Family groups visit Acadia National Park on vacation year after year because they find so much to do. Hiking is a delight in the park’s beautiful landscape. Ride a bicycle on the historic carriage roads or simply enjoy nature or look at the ocean. If you feel more energetic there are many activities available within the park. Climbing, boating, swimming, and horseback riding are all activities that those taking an Acadia family vacation will enjoy together. There are organized coach tours in the park. Parents and children can enjoy bird watching or observing the intricate Maine tidal creatures in the rock pools when the tide goes out.
From the middle of May to the middle of October children can join the Junior Ranger program, learn about the park, and participate in interesting and enjoyable activities. There are also boat cruises available where park rangers tell passengers about the wildlife in the ocean. Additionally, there is a Nature Center that children and families will find informative and interesting. There are so many possibilities for family fun in Acadia!
There are two campgrounds in Acadia National Park: the Blackwoods Campground on Route 3, around five miles south of Bar Harbor; and the Seawall Campground on Route 102A, four miles south of Southwest Harbor, which has tent, camper and motor home sites available. Backwoods camping is not allowed.
Habitats and landscapes are very diverse in the park: rocky coastlines, mountains, lakes, ponds, ocean waves, evergreen, mosses, and wildlife are all here, waiting to be explored. The park’s borders are complimented by pretty harbor villages, such as Somesville, Northeast Harbor, and Bass Harbor. Preserving this unique place is as important for those who live and work within Acadia as it is to its visitors.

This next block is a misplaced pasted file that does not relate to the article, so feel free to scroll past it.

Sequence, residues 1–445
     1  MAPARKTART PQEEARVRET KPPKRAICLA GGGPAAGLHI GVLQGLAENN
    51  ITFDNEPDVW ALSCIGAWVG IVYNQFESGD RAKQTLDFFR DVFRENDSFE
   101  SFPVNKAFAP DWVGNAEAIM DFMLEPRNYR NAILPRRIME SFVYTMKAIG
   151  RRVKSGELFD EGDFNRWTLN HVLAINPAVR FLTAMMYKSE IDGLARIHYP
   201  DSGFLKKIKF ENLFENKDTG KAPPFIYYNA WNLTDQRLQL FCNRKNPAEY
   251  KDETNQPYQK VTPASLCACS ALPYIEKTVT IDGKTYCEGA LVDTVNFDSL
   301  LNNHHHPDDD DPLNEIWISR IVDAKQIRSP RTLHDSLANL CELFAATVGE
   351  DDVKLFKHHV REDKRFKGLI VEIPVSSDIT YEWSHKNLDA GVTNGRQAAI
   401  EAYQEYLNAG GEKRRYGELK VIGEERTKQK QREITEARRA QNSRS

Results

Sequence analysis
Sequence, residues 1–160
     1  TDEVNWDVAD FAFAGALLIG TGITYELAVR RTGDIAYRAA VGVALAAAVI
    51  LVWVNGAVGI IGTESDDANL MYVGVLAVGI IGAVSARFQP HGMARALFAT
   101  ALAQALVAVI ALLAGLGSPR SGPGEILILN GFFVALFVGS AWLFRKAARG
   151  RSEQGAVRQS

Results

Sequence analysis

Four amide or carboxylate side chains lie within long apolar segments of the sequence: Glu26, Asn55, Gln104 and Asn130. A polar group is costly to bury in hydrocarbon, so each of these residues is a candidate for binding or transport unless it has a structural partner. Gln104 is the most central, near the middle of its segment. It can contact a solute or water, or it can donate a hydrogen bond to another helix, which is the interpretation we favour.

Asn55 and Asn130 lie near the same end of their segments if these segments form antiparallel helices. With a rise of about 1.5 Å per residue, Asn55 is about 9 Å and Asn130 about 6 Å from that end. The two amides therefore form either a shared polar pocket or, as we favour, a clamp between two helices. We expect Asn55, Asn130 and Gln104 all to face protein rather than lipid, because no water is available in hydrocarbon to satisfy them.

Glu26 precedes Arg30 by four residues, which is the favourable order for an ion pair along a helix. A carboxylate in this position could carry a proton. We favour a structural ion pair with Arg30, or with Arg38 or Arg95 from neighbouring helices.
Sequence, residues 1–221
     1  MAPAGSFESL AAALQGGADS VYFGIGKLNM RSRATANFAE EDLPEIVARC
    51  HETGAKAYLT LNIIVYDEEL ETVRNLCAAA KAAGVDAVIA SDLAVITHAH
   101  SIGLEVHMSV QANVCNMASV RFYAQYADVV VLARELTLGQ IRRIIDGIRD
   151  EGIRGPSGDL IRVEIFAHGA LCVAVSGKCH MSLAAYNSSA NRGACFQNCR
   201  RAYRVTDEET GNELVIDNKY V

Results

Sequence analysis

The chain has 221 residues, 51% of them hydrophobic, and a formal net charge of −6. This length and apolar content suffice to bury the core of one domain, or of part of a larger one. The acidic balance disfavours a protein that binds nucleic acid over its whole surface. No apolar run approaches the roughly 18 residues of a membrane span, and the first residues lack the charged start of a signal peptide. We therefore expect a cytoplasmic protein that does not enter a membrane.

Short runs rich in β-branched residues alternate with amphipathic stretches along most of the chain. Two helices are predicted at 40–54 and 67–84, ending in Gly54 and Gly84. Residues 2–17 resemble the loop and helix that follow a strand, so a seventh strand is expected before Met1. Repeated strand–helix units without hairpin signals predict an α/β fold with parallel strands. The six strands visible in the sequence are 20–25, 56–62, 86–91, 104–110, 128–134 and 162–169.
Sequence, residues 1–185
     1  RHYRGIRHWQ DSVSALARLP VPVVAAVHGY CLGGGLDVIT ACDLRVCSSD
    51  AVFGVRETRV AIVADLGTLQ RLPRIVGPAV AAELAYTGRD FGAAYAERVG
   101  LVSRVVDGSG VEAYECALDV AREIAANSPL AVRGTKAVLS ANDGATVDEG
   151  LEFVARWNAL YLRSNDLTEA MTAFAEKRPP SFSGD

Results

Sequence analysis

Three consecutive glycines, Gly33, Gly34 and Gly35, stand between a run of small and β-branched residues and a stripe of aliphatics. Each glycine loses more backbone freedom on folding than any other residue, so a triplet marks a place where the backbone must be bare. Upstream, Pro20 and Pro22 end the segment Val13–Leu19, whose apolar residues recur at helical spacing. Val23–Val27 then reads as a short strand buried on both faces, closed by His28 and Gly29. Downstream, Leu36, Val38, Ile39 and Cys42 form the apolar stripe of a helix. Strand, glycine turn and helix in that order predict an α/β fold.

Acadia National Park was formed when private citizens realized that over-development would endanger this coastal paradise, and so they acted quickly to protect it. George B. Dorr and Charles W. Eliot, with their donations and vision, and John D. Rockefeller, Jr.’s donation of more than 11,000 acres of land, as well as his building of the famous carriage roads between 1915 and 1933, allowed the park to be preserved. Between then and now an abundance of other citizens have donated time and resources to the park so that families today can enjoy its natural wild beauty.
Acadia was originally established as the Sieur de Monts National Monument by President Woodrow Wilson in 1916. Its name changed in February 1919 to the Lafayette National Park, but finally, in 1929, the park was officially named the Acadia National Park. It is likely that the name is a derivative of Arcadia, an area in Greece that the state park’s landscape called to the mind of explorer Giovanni Verrazano in 1524.
Today, Acadia National Park comprises around 47,748 acres of land in three main areas. The largest area is on Mount Desert Island, and the second largest is to the northeast on Schoodic Peninsula with 2,366 acres. The final area is comprised of Isle Au Haut, which is only accessible by boat; Baker Island on the southeast coast, and Bar Island on the north side of Bar Harbor.
Acadia National Park is timeless. The breathtaking wonder of witnessing an ocean sunrise from the top of Cadillac Mountain, the excitement of discovering the abundant yet elusive wildlife in the forests, or the unbridled delight of strolling through the bustling streets and shops of Bar Harbor are experiences that are never outgrown and never forgotten. Come and discover Acadia’s wonders.